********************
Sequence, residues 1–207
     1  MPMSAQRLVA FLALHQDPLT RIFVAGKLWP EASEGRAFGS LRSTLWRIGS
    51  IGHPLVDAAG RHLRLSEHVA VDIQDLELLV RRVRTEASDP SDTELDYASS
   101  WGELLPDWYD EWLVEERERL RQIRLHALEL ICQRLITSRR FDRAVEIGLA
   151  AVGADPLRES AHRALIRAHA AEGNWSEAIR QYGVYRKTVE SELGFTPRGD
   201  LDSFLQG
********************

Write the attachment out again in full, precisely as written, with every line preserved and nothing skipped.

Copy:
Sequence, residues 1–207
     1  MPMSAQRLVA FLALHQDPLT RIFVAGKLWP EASEGRAFGS LRSTLWRIGS
    51  IGHPLVDAAG RHLRLSEHVA VDIQDLELLV RRVRTEASDP SDTELDYASS
   101  WGELLPDWYD EWLVEERERL RQIRLHALEL ICQRLITSRR FDRAVEIGLA
   151  AVGADPLRES AHRALIRAHA AEGNWSEAIR QYGVYRKTVE SELGFTPRGD
   201  LDSFLQG